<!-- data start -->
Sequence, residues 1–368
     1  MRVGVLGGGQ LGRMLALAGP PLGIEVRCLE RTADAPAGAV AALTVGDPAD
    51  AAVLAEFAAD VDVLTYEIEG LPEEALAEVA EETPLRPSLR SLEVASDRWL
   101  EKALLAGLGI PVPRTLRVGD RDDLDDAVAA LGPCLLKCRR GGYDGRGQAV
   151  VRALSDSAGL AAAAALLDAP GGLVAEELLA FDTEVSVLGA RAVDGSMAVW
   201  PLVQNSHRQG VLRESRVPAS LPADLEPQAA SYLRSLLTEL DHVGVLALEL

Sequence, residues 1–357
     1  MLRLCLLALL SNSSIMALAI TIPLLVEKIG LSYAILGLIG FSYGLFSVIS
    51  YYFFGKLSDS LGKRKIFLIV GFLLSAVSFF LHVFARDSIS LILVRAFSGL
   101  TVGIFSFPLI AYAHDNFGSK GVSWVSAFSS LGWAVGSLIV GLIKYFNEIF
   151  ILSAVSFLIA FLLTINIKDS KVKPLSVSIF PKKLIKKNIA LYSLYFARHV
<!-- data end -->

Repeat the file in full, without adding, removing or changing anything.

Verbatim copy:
Sequence, residues 1–368
     1  MRVGVLGGGQ LGRMLALAGP PLGIEVRCLE RTADAPAGAV AALTVGDPAD
    51  AAVLAEFAAD VDVLTYEIEG LPEEALAEVA EETPLRPSLR SLEVASDRWL
   101  EKALLAGLGI PVPRTLRVGD RDDLDDAVAA LGPCLLKCRR GGYDGRGQAV
   151  VRALSDSAGL AAAAALLDAP GGLVAEELLA FDTEVSVLGA RAVDGSMAVW
   201  PLVQNSHRQG VLRESRVPAS LPADLEPQAA SYLRSLLTEL DHVGVLALEL

Sequence, residues 1–357
     1  MLRLCLLALL SNSSIMALAI TIPLLVEKIG LSYAILGLIG FSYGLFSVIS
    51  YYFFGKLSDS LGKRKIFLIV GFLLSAVSFF LHVFARDSIS LILVRAFSGL
   101  TVGIFSFPLI AYAHDNFGSK GVSWVSAFSS LGWAVGSLIV GLIKYFNEIF
   151  ILSAVSFLIA FLLTINIKDS KVKPLSVSIF PKKLIKKNIA LYSLYFARHV